Relative weekly exchange rates against the US dollar, selected economies
THE Australian dollar is expected to average US68 cents in 2023–24, relatively steady compared to the US67 cents in 2022–23, but 7 percent below the previous 5-year average, according to ABARES’ September quarter commodity outlook released today.
Weaker than expected momentum in the Chinese economy, particularly in natural resource reliant sectors such as construction and manufacturing, weighed on the Australian dollar in August.
Over the remainder of 2023–24, counteracting economic forces are keeping expectations for the Australian dollar relatively balanced:
- Market pricing suggests the US Federal Reserve will begin cutting interest rates before the Reserve Bank of Australia, improving the relative yield of Australian dollar denominated assets, such as government bonds. This typically increases demand for Australian dollars and leads to an appreciation against the US dollar.
- However, the Australian economy could soften more quickly than expected relative to the US economy over the coming months, leading to the RBA easing monetary policy earlier. This would likely lead to the Australian dollar depreciating further.
The Australian dollar has trended relatively lower against the US dollar compared to our major agricultural export competitors in 2023 (Figure 1.5). A comparatively lower Australian dollar over a sustained period increases the competitiveness in international markets of Australia’s agricultural exports contracted in Australian dollars. For most agricultural exports, which are contracted in US dollars, a weaker Australian dollar increases the Australian dollar value of these contracts.
The US dollar has also been broadly stronger than the currencies of major agricultural importers in 2023, such as China and Japan. This has raised the cost of agricultural imports for these countries relative to domestic products, which if sustained would likely reduce import demand.
Meanwhile, high prices for fertiliser and diesel – which have increased farming costs for Australian businesses in recent years – have eased from peaks in 2022.
Nonetheless, global fertiliser prices are expected to remain relatively elevated over 2023–24 due to strong demand and higher natural gas prices (a critical input to global fertiliser manufacturing).
Natural gas prices are likely to rise leading into the European winter. In addition, Australian fertiliser supplies have been constrained over the start of 2023–24 due to greater-than-expected demand in some regions. Australian diesel prices are closely tied to global oil demand and supply dynamics, such as the recent OPEC+ production cuts; but also a lower Australian dollar.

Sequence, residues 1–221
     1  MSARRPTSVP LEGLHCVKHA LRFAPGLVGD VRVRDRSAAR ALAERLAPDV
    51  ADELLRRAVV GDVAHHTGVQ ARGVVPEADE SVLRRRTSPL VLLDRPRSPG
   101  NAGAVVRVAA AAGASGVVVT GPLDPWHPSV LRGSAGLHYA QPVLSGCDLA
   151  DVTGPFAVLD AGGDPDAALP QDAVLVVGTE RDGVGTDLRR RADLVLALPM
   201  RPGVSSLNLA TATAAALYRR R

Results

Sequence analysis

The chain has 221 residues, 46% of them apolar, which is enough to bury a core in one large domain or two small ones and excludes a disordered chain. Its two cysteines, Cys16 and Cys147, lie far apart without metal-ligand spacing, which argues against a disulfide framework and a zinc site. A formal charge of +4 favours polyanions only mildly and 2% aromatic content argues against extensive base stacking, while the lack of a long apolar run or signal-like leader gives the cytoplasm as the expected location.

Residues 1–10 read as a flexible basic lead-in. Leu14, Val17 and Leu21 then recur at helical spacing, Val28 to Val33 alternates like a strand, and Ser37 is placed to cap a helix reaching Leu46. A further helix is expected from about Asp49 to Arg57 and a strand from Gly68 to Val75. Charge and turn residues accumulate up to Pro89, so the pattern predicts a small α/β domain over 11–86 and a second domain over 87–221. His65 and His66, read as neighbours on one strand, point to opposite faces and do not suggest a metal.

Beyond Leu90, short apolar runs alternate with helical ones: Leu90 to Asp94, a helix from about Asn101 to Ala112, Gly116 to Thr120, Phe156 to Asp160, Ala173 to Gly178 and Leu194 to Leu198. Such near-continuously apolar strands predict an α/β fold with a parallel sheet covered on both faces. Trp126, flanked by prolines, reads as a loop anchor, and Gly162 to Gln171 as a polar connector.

Given this, prices are expected to remain somewhat elevated over the remainder of 2023–24.
By contrast, container freight shipping prices have declined considerably over 2022–23 and are now back at pre-pandemic levels across the world. This has supported global supply chains returning to normal mobility and reduced freight costs along the agricultural supply chain.
Finance costs have increased significantly for businesses in Australia over 2023. Debt is an important source of funding for ongoing working capital and new investments for many Australian agricultural businesses. Higher interest rates have increased the level of income required to service debt, with interest payments increasing from an estimated 3% of farm expenditure in 2021–22 to 8% in 2022–23.
Labour costs for Australian businesses have continued to grow strongly over 2023.
Initially, wages increased to attract staff in a tight labour market. Now with the number of temporary migrants back working in agriculture at pre-pandemic levels, high labour costs in the industry are mostly being driven by unemployment near record lows, creating increased competition for skilled workers. In addition, recent increases to award and minimum wages for workers across the economy, partly in response to ongoing high inflation, has led to higher labour costs.
The Reserve Bank of Australia expects average wage growth to increase slightly over 2023–24 even as inflation subsides, potentially reducing business profit margins.